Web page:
Getting Started With Linux: A Beginner’s Primer (Part-1)

Author: Ayush Maggo

Operating System: An operating system is a software program that manages computer hardware and resources, such as CPU, memory, and storage. It acts as an intermediary between all of your software (user applications) and the computer hardware, enabling them to interact with each other.

What is Linux?

Linux is a kind of operating system, similar to Windows and MacOS. It is an open-source operating system. Linux is developed by Linus Torvalds and thousands of open source contributors. Linux follows the architecture of Unix. It is well-known for its security, flexibility, and stability.

Why do we use Linux?
  • Linux is an open-source operating system.
  • Linux is freely available.
  • It has a strong community, and a significant percentage of servers run on Linux.
  • Most developers use Linux.
  • Linux supports multi-user and multi-tasking.
  • In terms of security, Linux boasts a wide range of distributions that are continuously growing. Renowned distributions such as Ubuntu, Debian, and CentOS consistently receive updates, making it extremely challenging to develop a virus that can effectively target the entire Linux ecosystem due to its constantly evolving nature.
  • Linux is reliable.
Flavors of Linux:

“Flavors of Linux” refers to the distribution of Linux. Since the Linux Kernel is free to use and modify, anyone can utilize it to create their own distribution. You have the freedom to create your own distribution.

Below are some popular flavors of Linux:

RHEL (Red Hat Enterprise Linux), CentOS, Ubuntu, Amazon Linux, Fedora, Linux Mint, OpenSUSE, Manjaro.

Linux is widely used in industries due to its strong community support.

Linux Architecture

The Linux architecture refers to the underlying structure and design principles of the Linux operating system.

  • Hardware is controlled by the Kernel.
  • The Kernel is the heart of Linux. 
  • The Linux Kernel is the core component of the operating system.
How to communicate with the Kernel?

We can communicate with the kernel using the shell. The shell serves as the medium for communication.

Shell: The shell is the command-line interpreter in Linux. It serves as an interface between the user and the kernel, executing various commands. For instance, when a user enters “ls,” the shell executes the “ls” command. Additionally, the shell can run other programs, including applications, scripts, and user programs written in languages such as C or the shell programming language.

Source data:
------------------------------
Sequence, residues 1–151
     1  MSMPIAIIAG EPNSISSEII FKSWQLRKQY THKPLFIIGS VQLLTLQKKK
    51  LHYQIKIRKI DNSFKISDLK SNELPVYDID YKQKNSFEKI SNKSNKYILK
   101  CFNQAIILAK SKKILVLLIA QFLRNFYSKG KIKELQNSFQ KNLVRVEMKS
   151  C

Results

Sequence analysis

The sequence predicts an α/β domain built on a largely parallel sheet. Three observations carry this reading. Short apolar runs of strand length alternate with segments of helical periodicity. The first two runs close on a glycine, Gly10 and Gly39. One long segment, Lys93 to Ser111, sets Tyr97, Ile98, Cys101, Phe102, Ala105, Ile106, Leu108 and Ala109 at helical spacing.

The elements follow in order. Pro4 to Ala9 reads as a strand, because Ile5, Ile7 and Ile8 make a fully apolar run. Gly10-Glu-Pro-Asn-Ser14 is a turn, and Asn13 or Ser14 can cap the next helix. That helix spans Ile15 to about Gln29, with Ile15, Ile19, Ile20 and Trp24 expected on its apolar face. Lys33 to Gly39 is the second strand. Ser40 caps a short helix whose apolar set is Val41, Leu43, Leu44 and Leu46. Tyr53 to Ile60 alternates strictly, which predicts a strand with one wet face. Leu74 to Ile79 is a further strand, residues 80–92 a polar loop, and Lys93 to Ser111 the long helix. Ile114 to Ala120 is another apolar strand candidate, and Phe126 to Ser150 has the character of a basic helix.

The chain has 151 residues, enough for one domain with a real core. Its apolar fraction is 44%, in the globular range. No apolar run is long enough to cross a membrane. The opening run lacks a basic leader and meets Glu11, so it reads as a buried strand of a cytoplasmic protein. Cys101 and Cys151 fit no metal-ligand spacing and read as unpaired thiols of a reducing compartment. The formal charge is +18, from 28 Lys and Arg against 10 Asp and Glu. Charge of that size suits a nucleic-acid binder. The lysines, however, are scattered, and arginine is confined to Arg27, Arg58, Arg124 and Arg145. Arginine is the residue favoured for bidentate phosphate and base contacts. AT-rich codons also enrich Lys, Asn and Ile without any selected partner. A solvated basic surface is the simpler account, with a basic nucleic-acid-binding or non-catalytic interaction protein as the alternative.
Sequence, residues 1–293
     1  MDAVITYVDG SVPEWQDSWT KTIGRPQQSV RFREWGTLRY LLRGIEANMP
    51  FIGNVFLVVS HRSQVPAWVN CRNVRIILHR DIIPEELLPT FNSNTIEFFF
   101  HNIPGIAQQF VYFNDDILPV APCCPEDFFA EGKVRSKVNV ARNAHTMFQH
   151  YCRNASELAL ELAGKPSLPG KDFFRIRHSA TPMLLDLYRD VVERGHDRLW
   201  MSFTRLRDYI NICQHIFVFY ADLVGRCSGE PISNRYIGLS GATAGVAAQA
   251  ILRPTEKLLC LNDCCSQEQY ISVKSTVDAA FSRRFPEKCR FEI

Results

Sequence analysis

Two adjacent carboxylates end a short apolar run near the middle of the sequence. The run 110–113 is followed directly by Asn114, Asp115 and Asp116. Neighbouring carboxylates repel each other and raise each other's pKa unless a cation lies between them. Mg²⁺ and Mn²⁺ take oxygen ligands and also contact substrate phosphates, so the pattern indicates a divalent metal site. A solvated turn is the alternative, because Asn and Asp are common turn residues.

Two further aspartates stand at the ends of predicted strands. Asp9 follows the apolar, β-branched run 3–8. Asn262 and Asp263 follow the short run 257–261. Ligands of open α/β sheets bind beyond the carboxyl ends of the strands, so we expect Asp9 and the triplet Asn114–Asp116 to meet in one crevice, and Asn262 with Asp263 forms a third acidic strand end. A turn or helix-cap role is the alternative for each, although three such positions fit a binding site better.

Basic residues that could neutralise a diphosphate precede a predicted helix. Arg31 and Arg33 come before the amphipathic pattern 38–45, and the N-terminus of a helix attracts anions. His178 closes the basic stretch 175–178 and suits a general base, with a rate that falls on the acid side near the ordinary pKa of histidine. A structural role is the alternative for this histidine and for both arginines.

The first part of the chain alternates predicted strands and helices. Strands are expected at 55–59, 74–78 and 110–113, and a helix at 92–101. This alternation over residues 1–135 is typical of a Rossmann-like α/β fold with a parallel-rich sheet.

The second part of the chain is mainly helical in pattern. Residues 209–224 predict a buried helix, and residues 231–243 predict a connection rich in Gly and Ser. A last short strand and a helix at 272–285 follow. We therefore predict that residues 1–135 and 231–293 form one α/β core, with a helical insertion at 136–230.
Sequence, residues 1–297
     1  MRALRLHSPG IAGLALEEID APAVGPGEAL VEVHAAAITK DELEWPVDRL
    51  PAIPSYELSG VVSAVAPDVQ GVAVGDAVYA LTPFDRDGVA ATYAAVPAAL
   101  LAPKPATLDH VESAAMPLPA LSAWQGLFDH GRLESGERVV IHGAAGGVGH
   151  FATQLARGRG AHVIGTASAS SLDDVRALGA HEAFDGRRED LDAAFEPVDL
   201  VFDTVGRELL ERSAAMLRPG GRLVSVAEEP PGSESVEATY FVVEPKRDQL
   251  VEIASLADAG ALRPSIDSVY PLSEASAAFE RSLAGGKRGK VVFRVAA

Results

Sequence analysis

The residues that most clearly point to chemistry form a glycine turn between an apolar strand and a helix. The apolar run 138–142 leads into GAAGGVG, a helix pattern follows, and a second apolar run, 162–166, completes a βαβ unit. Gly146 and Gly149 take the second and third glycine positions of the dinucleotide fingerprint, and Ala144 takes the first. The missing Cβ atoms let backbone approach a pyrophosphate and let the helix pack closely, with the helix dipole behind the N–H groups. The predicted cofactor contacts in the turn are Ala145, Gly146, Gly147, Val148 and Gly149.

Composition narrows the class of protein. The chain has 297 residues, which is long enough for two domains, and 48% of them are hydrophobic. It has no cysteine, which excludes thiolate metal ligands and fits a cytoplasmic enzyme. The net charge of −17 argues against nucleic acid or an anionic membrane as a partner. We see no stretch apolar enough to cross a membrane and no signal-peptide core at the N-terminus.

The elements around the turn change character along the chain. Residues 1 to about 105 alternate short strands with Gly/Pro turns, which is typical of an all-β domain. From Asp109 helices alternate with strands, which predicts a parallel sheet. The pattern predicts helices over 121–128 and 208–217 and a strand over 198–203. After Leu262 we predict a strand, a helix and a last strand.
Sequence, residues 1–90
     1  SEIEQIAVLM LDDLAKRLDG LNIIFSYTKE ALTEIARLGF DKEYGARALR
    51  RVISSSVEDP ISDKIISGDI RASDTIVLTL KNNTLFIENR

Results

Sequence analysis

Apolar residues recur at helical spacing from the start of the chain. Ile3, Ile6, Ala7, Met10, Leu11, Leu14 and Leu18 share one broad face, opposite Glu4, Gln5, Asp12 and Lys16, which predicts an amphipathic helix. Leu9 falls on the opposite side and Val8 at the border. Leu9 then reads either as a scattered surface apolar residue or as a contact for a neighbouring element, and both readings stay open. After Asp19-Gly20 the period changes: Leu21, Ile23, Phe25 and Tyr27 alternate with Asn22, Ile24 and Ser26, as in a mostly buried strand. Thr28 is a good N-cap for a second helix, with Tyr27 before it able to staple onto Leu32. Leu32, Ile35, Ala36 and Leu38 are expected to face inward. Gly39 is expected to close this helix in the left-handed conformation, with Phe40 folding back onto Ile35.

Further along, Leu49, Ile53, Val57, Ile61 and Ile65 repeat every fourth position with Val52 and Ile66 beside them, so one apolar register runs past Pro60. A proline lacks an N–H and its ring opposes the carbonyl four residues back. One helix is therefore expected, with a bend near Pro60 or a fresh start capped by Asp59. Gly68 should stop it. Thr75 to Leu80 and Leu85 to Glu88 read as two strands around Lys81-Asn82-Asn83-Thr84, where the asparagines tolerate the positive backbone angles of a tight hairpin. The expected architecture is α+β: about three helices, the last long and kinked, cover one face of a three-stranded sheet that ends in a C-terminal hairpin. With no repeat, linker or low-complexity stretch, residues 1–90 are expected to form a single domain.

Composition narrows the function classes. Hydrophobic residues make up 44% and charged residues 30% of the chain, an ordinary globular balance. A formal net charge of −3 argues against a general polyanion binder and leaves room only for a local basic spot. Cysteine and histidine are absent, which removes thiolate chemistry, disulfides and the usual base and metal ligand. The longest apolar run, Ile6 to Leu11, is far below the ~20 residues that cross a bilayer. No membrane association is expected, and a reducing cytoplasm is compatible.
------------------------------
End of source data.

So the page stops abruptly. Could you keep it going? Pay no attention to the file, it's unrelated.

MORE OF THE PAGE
The shell is a Command-Line Interface (CLI).

A shell interprets the commands entered through the keyboard and sends them to the operating system for execution.

Top Shells in Linux:
  • Bash – The Bourne Again Shell is the default shell in many Linux distributions. It is highly portable and widely used. CentOS 8 also uses Bash as its default shell.
  • Zshell (Zsh) – Zshell is similar to, or an extended version of, Bash. It offers numerous features, such as the ability to share command history across multiple terminals.
  • Fish – Fish is a friendly and interactive shell. It is an extended version of a common shell and provides convenient features like auto-completion of commands.
  • Tcsh – Tcsh, short for Tenex C shell, is an extended version of the C shell. It includes its scripting language and shares similarities with the C programming language.
Top operations performed by a Kernel:
  • Resource management – The kernel determines which processes are granted access to system resources for various operations.
  • Memory management – The kernel has full control over system memory and must efficiently manage it, including allocating and deallocating memory for processes and enabling memory access for those processes.
  • Device management – When devices such as printers or pen drives are connected, the kernel detects them and facilitates the system in establishing connections with these peripherals.
  • System calls – System calls serve as an interface between a process and the operating system. When a process lacks permission to directly access a resource, a system call provides access to that resource on behalf of the process.
How to log in to remote Linux?

You can log in to remote Linux using SSH. 

The command is: ssh <user_name>@<ip_address>

For example: ssh centos@

After executing the command, it will prompt you to enter the password.

File system hierarchy:

The file system hierarchy is organized as follows:

  • / – This is the top-level directory.
  • /root – The /root directory is the home directory for the root user, and it houses administrative files and configurations.
  • /home – The /home directory serves as the home directory for other users on the system.
  • /boot – The /boot directory contains bootable files for Linux and holds essential files used during the system boot process.
  • /etc – It contains all configuration files.
  • /usr – The /usr directory is the default location where software is installed.
  • /bin – The /bin directory contains commands that are used by all users. It stores user binaries, executable files, and commonly used Linux commands, such as cat, cp, cd, ls, etc.
  • /sbin – The /sbin directory contains commands that are exclusively used by the root user for system administration purposes.
Important links:

Linux ->

Happy Learning!

We use cookies on this site to enhance your user experience. For a complete overview of how we use cookies, please see our privacy policy.